For some reason, many people seem to think the creation of light marked the beginning of the creation. We have seen that much has already happened before this point. The first day began in darkness and now it is light so the day is about ½ over.
The Bible doesn't mention the source of this light. We know that it cannot be the sun since the sun will not be created until day 4. Some have suggested that God Himself was the light but I am skeptical of that claim; if God were the light, then where was the light just a few minutes earlier? The Bible does attest that in the new creation, there will be no more need of the sun because the Lamb will be the light (Rev 21:23). However, verse 25 tells us that there will neither be any more night so we cannot draw an exact parallel between this light and the light of the Lamb in Revelation. Since the Bible is silent on the source of this light, we cannot be dogmatic in our speculations. Suffice it to say this was a temporary source that God used to mark the passage of days until the sun was created on day 4.
It's interesting that God created a light that specifically is not the sun. Even the ancients understood that the sun gave light so if Genesis were truly the product of human imagination, it's rather incredible to believe someone would think to separate the creation of light from the creation of the sun. Some might argue this is evidence of a divine revelation for Scripture.
v. 4a, And God saw the light, that it was good:
Several times during the creation week, God pauses pauses to reflect on His creation. Each time, He sees that what has been created is “good.” The fact that God continuously affirms that each created thing is “good” flies in the face of theistic evolution (TE). According to TE, the world was created over billions of years of death and destruction. According to this belief, the world has been bad, bad, bad, on its way to finally being, “very good.” The Bible attests over and over that everything was initially “good.”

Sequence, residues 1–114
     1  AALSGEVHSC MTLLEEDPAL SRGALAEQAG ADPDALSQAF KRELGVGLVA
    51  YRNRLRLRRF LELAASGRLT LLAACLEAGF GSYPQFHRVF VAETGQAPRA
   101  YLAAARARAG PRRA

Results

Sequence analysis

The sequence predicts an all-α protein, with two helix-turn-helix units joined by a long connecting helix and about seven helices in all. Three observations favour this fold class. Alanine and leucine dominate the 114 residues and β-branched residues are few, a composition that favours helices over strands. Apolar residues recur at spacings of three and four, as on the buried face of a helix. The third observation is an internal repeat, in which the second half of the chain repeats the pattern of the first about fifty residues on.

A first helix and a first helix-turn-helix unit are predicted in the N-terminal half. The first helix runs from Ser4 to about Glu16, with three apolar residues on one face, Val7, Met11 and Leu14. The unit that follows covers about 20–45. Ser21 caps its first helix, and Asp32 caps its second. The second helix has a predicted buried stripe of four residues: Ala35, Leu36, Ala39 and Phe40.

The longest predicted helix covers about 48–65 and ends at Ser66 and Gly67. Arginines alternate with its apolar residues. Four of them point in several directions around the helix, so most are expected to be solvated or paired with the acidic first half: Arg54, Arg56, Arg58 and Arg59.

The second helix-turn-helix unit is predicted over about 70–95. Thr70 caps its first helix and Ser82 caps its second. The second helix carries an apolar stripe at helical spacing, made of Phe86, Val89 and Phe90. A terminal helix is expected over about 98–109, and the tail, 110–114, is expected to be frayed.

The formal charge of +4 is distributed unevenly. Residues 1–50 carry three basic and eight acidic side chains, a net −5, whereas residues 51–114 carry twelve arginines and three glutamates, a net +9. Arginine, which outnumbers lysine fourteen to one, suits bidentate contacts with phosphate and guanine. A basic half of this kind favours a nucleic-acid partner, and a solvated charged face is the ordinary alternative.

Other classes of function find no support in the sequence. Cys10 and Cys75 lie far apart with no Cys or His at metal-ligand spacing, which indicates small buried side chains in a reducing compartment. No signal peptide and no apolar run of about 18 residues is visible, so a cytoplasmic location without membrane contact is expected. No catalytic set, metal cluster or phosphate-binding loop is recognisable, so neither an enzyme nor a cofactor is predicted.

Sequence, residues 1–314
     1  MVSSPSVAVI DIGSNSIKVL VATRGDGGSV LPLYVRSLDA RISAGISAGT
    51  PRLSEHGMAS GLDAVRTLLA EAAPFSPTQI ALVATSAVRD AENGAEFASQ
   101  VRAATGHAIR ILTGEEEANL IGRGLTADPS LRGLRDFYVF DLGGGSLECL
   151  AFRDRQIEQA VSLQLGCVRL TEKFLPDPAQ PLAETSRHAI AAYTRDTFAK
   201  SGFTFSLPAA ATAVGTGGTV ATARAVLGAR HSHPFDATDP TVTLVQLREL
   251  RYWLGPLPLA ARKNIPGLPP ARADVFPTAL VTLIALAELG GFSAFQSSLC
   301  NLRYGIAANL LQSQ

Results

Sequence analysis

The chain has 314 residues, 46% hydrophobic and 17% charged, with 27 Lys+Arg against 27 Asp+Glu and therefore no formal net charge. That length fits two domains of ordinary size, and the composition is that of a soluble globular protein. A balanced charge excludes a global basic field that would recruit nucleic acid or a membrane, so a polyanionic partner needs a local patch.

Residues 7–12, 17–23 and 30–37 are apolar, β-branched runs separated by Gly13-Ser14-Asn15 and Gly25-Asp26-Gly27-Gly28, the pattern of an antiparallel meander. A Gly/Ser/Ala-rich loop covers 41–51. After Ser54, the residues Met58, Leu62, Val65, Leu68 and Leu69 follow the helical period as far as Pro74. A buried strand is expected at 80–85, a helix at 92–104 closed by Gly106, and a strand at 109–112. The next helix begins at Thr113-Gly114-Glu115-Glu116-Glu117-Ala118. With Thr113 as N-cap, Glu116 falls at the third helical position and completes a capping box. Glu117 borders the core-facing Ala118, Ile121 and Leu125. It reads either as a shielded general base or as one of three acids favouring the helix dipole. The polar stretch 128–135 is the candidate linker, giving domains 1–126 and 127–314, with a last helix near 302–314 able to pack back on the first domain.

v. 4b-5a, and God divided the light from the darkness. And God called the light Day, and the darkness he called Night.
The presence of night and day indicate that the earth has already begun rotating. Therefore, we can be sure that physical laws – like gravity – have also already been created. Nobel laureate, Dr. Stephen Hawking, once said that because physical laws like gravity exist, then the universe could create itself out of nothing. It's rather laughable that such an intelligent person could make such a contradictory statement. How could there be any physical laws before the universe was created?
Physical laws are only our descriptions of the way matter behaves. Matter exhibits gravity. Just like matter cannot create itself, neither can gravity create itself. Science can only presuppose gravity existed in the creation; secular scientists really have no more explanation for the origin of gravity than they do for the ultimate origin of matter. They can only appeal to poofery.
v. 5b, And the evening and the morning were the first day.
Each day of the six creative days is punctuated by this phrase. Since God created light on the first day, we can know how much time has passed. It was an evening and a morning – an ordinary day. The presence of the term “morning and evening” leave little wiggle room for anyone wishing to reinterpret the word “day.”
God could have created the entire universe in a single moment. God could have stretched the creation out over billions of years. Yet for whatever reason, God chose to create the universe in the way He did – over six ordinary days.